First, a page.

While fitting a structural equation model (SEM), we are interested not only in knowing whether the model is identified, but also in the quality of the model fit. A model is said to fit the observed data to the extent that the model-implied covariance matrix is equivalent to the empirical one, minimizing the discrepancy function. In this regard, standardized residual covariance drives all tests of overall fit [33]. Standardized residuals are fitted residuals divided by their asymptotically standard errors. When they are too large, it is a sign of model misspecification. Different cutoffs are provided. For Jöreskog and Sörbom [34], values > 2.58 are considered to be large, whereas other authors [35] include the value of 1.96 in the range of values suggestive of a lack of fit. We used the cutoff of 1.96 to ascertain misspecification and to relax some constraints on the correlation measurement errors, as suggested by other authors[35].

Even though data are frequently obtained as if they were from a single population, a closer examination of the subjects might uncover population heterogeneity that rules out a single population [36]. It is then advisable to conduct a multi-sample structural model (MSSM) to ascertain the validity and the viability of the tool in different subsamples. Unfortunately, it has not been possible to conduct an MSSM, as large sample sizes and multivariate normality assumptions in each subsample are absolutely crucial for stable variances and covariances. Therefore, we resorted to a multiple linear regression with the aim of emphasizing the validity and the viability of the instrument as an MSSM.

A multiple linear regression analysis was then performed to describe the relationship between Internet addiction as the dependent variable and daily hours spent online and years of Internet use as the independent variables, after controlling for age and sex. Prior to the linear regression process, the variable "years of Internet use," a four-level categorical variable (1: less than 1 year; 2: 1 to 3 years; 3: 3 to 5 years; 4: more than 5 years) was transformed into three dichotomous variables taking on a value of 0 or 1.

The presence of outliers, that is, data points with z-scores around 3 in absolute value for large data sets or around 2.5 for a small sample size [37], was also determined. As most researchers [38] suggest, we transformed key variables in lognormal or quadratic terms to remedy this problem.

Results

Sample characteristics

Of the original 185 observations initially recorded, 30 were excluded because of missing data, hence leaving a final sample size of 155 participants. The time daily spent online ranged from 20 to 720 minutes per day (M = 150, SD = 108). Only 41.5% of the participants had a computer at home. The time that they had been using the Internet was distributed as follows: less than 1 year, 14.7%; between 1 and 3 years, 26.1%; between 3 and 5 years, 37.5%; and more than 5 years, 21.7%. The characteristics of the participants are reported in Table 1.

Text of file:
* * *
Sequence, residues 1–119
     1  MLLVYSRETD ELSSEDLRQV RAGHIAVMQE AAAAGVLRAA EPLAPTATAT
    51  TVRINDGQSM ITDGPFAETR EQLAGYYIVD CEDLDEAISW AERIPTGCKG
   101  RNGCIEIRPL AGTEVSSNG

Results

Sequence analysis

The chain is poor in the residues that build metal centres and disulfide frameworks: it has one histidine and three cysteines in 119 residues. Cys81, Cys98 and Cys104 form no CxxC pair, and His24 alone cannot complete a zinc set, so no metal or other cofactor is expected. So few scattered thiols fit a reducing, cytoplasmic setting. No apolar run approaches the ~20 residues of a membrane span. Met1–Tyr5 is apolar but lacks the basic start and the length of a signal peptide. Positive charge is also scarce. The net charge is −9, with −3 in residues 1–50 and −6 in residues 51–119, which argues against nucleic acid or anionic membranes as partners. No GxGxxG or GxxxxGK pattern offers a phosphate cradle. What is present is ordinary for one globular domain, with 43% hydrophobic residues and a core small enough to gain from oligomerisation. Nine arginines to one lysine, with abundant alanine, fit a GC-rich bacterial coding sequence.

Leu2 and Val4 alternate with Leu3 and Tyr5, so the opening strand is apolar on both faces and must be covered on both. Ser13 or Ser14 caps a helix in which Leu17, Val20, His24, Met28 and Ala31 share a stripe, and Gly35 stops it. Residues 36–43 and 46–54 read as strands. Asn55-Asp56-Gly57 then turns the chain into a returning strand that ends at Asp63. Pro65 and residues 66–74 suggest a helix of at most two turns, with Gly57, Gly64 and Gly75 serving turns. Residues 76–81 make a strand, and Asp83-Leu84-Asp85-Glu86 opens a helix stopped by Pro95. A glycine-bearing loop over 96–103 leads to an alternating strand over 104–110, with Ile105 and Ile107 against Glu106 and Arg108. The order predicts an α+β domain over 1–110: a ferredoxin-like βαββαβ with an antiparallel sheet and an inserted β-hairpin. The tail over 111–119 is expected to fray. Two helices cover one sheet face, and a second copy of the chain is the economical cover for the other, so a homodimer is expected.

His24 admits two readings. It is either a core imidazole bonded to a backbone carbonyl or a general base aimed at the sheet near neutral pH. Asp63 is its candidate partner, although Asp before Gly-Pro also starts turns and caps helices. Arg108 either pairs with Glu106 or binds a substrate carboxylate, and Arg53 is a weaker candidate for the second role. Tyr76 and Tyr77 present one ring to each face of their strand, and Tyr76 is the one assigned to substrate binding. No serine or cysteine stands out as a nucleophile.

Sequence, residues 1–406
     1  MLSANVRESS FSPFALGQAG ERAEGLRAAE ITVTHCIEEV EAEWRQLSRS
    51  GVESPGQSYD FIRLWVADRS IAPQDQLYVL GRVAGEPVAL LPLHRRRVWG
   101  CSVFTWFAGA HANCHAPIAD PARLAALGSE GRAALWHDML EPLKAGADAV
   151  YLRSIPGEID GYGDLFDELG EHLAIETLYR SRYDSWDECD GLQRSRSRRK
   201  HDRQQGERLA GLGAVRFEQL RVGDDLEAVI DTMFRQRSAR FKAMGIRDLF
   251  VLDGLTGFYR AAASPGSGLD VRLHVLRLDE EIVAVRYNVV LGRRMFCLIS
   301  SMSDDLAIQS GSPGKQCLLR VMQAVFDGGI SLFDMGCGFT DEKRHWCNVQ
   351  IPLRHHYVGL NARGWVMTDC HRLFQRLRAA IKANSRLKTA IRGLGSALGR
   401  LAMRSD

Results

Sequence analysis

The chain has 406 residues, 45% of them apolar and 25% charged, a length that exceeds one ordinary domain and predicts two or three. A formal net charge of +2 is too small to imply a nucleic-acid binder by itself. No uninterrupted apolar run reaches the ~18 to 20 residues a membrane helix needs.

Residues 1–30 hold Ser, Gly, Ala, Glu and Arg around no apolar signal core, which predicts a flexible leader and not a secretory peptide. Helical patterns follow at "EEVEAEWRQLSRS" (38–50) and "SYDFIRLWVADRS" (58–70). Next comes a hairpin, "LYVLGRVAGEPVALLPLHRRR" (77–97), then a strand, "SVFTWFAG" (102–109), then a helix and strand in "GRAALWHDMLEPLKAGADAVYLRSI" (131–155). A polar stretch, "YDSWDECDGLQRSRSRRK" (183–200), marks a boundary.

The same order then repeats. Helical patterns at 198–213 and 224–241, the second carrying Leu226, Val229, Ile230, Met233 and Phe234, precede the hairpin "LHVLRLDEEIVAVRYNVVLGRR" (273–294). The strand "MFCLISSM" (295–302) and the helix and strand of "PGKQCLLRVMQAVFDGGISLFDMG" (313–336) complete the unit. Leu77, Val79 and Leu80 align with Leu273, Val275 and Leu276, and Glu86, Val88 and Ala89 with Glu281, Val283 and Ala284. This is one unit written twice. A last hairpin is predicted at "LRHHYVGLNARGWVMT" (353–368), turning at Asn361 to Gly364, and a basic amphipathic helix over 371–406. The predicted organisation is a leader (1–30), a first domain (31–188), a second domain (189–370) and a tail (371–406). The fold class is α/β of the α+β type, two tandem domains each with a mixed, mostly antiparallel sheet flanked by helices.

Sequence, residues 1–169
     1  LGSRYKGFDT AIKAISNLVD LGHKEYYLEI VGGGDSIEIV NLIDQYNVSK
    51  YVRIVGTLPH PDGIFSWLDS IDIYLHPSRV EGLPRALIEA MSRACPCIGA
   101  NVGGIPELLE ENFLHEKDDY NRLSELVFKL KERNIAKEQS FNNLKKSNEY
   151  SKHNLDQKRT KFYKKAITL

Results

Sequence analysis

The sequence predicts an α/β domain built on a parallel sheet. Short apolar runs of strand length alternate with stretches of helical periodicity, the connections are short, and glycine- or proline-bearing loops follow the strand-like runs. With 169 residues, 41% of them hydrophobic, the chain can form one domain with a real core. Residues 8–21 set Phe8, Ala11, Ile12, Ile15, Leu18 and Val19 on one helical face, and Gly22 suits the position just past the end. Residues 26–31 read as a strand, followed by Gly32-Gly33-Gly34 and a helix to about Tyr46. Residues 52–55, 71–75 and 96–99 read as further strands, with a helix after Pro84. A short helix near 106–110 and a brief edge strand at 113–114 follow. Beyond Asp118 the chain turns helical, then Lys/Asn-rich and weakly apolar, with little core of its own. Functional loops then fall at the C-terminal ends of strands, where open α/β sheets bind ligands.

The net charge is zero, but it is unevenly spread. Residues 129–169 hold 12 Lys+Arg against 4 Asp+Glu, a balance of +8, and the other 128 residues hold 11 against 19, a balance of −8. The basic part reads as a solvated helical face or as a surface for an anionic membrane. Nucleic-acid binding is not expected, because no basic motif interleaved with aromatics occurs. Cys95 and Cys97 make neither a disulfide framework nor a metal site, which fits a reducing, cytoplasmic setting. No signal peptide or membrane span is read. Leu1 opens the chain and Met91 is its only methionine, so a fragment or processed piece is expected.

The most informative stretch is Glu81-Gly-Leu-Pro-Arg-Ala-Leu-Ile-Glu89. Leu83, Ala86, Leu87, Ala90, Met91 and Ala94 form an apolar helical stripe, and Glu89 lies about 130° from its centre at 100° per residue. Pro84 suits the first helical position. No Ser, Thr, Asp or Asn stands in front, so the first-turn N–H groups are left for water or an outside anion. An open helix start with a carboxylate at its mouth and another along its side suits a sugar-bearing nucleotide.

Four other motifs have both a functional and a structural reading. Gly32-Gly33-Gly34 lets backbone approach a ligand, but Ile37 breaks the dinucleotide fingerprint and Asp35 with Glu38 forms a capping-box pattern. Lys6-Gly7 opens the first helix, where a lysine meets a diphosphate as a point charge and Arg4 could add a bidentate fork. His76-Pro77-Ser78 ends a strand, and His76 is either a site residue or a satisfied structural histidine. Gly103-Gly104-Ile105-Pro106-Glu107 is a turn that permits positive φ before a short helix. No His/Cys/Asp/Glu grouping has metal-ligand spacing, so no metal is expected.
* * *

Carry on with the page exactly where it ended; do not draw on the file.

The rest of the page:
Table 1

Participants' Characteristics

Age, y, M (SD)

17.6 (2.9)

Female, %

51

Internet at home, %

41.5

Hours spent daily on the Internet, M (SD)

2.5 (1.8)

CIUS total score, M (SD)

22 (8.6)

Internet use for (%):

 

- less than 1 year

14.7

- 1 to 3 years

26.1

- 3 to 5 years

37.5

- 5 years or more

21.7

Internal consistency and factor structure

The internal consistency, measured by Cronbach's coefficient, was satisfactory (α = 0.78). Exploratory factor analysis by Velicer's MAP test suggested a one-factor solution. This finding was successfully confirmed through parallel analysis. This one-factor model was then evaluated by CFA. The χ2 to degrees of freedom ratio was equal to 2.13, indicating a discrepancy between the data and the hypothetical model. Furthermore, the other CFA statistics, such as RMSEA (0.09) and CFI (0.78), did not meet goodness-of-fit criteria (see Table 2). Inspection of the standardized residual covariances revealed six that were beyond the value of 1.96. Hence, a new model was specified, including, among others, the correlation of variance errors of Items 4 and 7 (the Internet is the preferred activity), Items 4 and 11 (the Internet as a favorite activity and neglecting obligations), Items 5 and 7 (problem with stopping use of the Internet and looking forward to using the Internet), Items 5 and 11 (neglecting obligations), Items 8 and 9 (using the Internet less often), and Items 12 and 13 (escape), which resulted in acceptable goodness-of-fit measures, as shown in Table 2. Furthermore, all new standardized residuals fell below the 1.96 cutoff.
Table 2

Factor Loadings and Goodness-of-Fit Measures

Item

Question

Model 1

Model 2

Item 1

Do you find it difficult to stop using the Internet when you are online?

0.58

0.58

Item 2

Do you continue to use the Internet despite your intention to stop?

0.47

0.47

Item 3

Do others (e.g., partner, children, parents) say you should use the Internet less?

0.37

0.37

Item 4

Do you prefer to use the Internet instead of spending time with others (e.g., partner, children, parents)?

0.51

0.51

Item 5

Are you short of sleep because of the Internet?

0.51

0.51

Item 6

Do you think about the Internet, even when not online?

0.58

0.57

Item 7

Do you look forward to your next Internet session?

0.46

0.47

Item 8

Do you think you should use the Internet less often?

0.10

0.12

Item 9

Have you unsuccessfully tried to spend less time on the Internet?

0.24

0.24

Item 10

Do you rush through your (home) work in order to go on the Internet?

0.60

0.61

Item 11